Investigating hardware micro-instruction folding in a Java embedded processor
Research output: Chapter in Book/Report/Conference proceeding › Paper in conference proceeding
Bytecode folding is an effective technique for speeding up execution in Java virtual machines. This paper investigates a hardware implementation of the aforementioned technique on BlueJEP, a Java embedded processor. Since BlueJEP is a micro-programmed stack machine, we adopt a micro-instruction oriented approach, folding up to four microinstructions (corresponding to up to four bytecodes, on occasion). A variety of processor versions for different subsets of folding patterns are implemented, simulated and synthesized on a Xilinx FPGA. The measurements and results show that, although the number of execution cycles is reduced, the critical path increase leads to a lower performance. Taking into account the device area, we conclude that for our case, adding a second processor may be preferred over hardware folding. In general, we observe that folding efficiency may only be evaluated properly on a real implementation, rather than using theoretical estimates, due to the increased complexity of the hardware.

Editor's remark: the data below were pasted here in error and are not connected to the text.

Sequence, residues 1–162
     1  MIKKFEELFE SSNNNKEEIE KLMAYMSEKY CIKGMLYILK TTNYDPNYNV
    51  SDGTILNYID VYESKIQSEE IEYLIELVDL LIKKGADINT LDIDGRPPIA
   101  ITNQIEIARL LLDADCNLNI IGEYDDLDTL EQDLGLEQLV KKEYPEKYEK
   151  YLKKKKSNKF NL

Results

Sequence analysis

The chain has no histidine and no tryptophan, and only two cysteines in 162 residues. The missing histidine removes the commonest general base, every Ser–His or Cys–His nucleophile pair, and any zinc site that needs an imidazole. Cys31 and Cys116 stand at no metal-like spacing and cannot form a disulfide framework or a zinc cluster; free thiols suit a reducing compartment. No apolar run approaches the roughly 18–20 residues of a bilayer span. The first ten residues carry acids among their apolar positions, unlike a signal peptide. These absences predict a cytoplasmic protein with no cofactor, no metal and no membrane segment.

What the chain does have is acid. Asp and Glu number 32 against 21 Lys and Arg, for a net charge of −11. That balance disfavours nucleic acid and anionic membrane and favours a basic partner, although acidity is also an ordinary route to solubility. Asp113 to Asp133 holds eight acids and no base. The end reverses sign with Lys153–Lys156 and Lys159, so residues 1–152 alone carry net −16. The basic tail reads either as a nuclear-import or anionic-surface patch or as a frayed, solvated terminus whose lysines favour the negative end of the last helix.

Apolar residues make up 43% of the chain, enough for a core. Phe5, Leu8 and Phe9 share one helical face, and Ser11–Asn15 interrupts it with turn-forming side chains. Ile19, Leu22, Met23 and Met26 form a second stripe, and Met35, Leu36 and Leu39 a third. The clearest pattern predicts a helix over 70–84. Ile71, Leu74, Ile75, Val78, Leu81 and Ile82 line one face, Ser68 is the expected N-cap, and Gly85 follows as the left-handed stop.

|Research areas and keywords||
Subject classification (UKÄ) – MANDATORY
|Title of host publication||Proceedings of the 8th International Workshop on Java Technologies for Real-Time and Embedded Systems|
|State||Published - 2010|